Benedict confirms this while speaking To T.J. and Prickly, revealing his plan is to move the moon into a position that will change the climate during the summer months, which as a result will create a new ice age in order to force kids to stay inside to study.
T.J.'s friends get T.J.'s sister Becky to drive to the camps again, where they pick up all the children. Using his own expertise from military camp, Gus draws up the plans to liberate the school. T.J. and Prickly are locked in a cage as T.J. panics. Prickly tells T.J. off by reminding him that he also was a child once and that the memories of his summer vacations are the only thing he has left of his childhood. Prickly and T.J. proceed to escape the cage, as Prickly was able to swipe off the keys from Benedict's office.
After reuniting with T.J. and Prickly, the kids storm the auditorium, only for another set of guards to restrain them as Benedict orders his scientists to activate the beam. However, Finster arrives to the rescue, bringing the rest of the teachers as backup to help the students, resulting a battle between Benedict's men and the students & teachers.
During the fight, Prickly punches Benedict in the face to prevent him from triggering the beam, but as Benedict slumps, he triggers the beam and Prickly cannot deactivate it. Vince manages to throw a baseball into the machine and destroys the device in the process, much to everyone's delight and to Benedict's horror and despair.
Following the aftermath of the battle in the school, the students and teachers of the school are declared heroes while Benedict and his men are arrested by the authorities for theft of government property, breaking & entering and attempted terrorism.
Having defeated Benedict for good, T.J.'s friends inform him they intend to spend the rest of their summer with him, citing that they do not have much time left to be just kids. T.J. then rushes into Prickly's office to thank him, only to be thanked by him himself for reminding him why he went into teaching in the first place: to help kids.
The film ends with T.J. and his friends rushing off to the lake while Prickly looks on, smiling while putting on his peace symbol medallion for the first time in decades.
- Andrew Lawrence as Theodore Jasper "T.J." Detweiler
- Rickey D'Shon Collins as Vince LaSalle
- Jason Davis as Mikey Blumberg
- Robert Goulet as Mikey's singing voice
- Ashley Johnson as Gretchen Grundler / Ashley J.
- Courtland Mead as Gus Griswald
- Blake McIver Ewing as Gus' singing voice
- Pamela Segall as Ashley Spinelli
- Dabney Coleman as Principal Peter Prickly
- Melissa Joan Hart as Becky Detweiler
- April Winchell as Muriel Finster / Mrs. Detweiler / Lunch Lady #3
- James Woods as Dr. Phillium Benedict
- Clancy Brown as Bald Man
- Peter MacNicol as Professor Fenwick
- Tony Jay as Dr. Rosenthal
- Andrea Martin as Lunchlady Harriet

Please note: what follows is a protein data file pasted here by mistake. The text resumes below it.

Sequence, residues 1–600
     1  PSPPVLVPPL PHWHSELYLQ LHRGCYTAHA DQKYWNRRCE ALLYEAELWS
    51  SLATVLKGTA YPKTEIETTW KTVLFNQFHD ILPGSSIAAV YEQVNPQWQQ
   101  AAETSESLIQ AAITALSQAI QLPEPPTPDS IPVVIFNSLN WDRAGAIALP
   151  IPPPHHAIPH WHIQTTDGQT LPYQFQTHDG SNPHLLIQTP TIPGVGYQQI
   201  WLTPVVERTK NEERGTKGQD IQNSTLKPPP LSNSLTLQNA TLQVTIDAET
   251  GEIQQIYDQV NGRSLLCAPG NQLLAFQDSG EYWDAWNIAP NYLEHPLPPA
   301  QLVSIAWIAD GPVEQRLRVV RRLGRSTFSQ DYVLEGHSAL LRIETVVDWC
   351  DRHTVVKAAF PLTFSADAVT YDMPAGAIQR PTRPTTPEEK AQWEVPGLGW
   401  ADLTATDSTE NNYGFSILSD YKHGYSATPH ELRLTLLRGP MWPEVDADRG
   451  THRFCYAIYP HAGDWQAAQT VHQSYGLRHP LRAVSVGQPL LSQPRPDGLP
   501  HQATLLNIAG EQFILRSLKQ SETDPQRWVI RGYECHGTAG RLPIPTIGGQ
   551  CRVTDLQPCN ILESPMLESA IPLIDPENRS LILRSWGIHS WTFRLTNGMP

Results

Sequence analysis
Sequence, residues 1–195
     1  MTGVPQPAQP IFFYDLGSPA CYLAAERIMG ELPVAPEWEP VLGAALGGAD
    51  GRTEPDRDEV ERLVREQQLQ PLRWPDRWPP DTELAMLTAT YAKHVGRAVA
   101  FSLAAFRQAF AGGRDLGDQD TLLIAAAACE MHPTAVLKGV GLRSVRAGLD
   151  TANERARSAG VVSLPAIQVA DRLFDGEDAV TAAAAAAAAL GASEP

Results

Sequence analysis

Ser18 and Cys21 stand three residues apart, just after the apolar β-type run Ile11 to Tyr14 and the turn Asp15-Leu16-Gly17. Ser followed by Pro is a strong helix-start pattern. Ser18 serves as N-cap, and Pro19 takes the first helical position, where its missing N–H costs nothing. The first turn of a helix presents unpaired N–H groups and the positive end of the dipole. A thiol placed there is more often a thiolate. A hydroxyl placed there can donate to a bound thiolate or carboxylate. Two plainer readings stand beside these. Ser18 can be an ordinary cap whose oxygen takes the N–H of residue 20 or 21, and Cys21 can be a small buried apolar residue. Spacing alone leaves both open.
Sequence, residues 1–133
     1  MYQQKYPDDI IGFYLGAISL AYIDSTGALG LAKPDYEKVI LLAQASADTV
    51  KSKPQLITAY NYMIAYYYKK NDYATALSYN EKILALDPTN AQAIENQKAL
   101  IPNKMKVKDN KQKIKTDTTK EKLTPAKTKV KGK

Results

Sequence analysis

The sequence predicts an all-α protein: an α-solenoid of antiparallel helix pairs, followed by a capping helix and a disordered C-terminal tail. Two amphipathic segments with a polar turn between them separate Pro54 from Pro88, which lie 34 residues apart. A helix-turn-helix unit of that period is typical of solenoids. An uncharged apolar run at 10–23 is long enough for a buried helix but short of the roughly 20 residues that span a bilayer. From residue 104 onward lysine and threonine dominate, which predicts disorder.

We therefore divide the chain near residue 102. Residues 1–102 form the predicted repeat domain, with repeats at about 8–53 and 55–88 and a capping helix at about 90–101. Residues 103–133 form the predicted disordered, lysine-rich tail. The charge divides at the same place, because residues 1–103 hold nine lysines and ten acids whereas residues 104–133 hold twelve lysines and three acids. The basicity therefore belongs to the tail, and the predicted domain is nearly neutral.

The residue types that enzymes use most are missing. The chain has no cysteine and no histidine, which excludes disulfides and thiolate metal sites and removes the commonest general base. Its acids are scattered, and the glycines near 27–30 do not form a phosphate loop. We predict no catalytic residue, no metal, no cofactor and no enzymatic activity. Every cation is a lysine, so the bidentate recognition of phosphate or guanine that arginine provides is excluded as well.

- Tress MacNeille as Lunchlady Irma / Ms. Lemon / Dr. Steinheimer
- Elizabeth Daily as Captain Sticky
- R. Lee Ermey as Col. O'Malley
- Katey Sagal as Mrs. Flo Spinelli
- Paul Willson as Mr. Detweiler
- Allyce Beasley as Ms. Grotke
- Clyde Kusatsu as Mr. Yamashiro
- Nicholas Turturro as Cop #1
- Kevin Michael Richardson as Cop #2
- Dan Castellaneta as Guard #1
- Diedrich Bader as Guard #2
- Robert Stack as Superintendent
- Charles Kimbrough as Mort Chalk
- Erik von Detten as Erwin Lawson / Captain Brad
- Lane Toran as King Bob / King Fred
- Ron Glass as Dr. Lazenby / Tech #2
- Michael Shulman as Francis the Hustler kid
- Anndi McAfee as Ashley A.
- Gregg Berger as Tech #1
- Jack Riley as Golfer #1
- Philip Proctor as Golfer #2 / Scientist #2
- Kath Soucie as Director
- Ken Swofford as Coach
- Justin Shenkarow as Soldier kid / Wrestler kid
- Patrick Renna as Jordan
James Woods was originally cast in the role of Benedict, but was replaced with Burt Reynolds because the producers thought his' performance was too over-the-top and sinister.
To accommodate with the film's '60s era, the production crew decided to add music from the 1960s hippie period. This includes songs like "Dancing in the Street", "One", "Nobody But Me", "Aquarius/Let the Sunshine In", etc.
"Recess: School's Out" debuted at #3 at the box office, grossing $10,065,873 during its opening weekend.
It earned $36,706,141 in North America and another $7,754,709 from other countries. The worldwide gross was $44,460,850 against a $23 million budget.
The film closed in theaters of August 16, 2001 after 26 weeks.
Review aggregator Rotten Tomatoes reports that 61% of 69 surveyed critics gave "Recess: School's Out" a positive review; the average rating is 5.8/10. The site's consensus reads: "Though basically a TV cartoon stretched out to movie-length, Recess has enough successful jokes and smart writing to make it a worthwhile view."
Wesley Morris from the San Francisco Chronicle said that the film "is thin on laughs, but it's redolent of something funnier and altogether more unusual in the kid-flick climate: unmitigated sincerity."
Stephen Holden from the New York Times said the film is "perfectly fine in its standardized idea of child anarchy; only in cartoons do children still own marbles."
Roger Ebert gave the film Thumbs Down, but did state that "...although it lacks the zany exuberance of the recent "Rugrats in Paris," it's fast-footed and fun."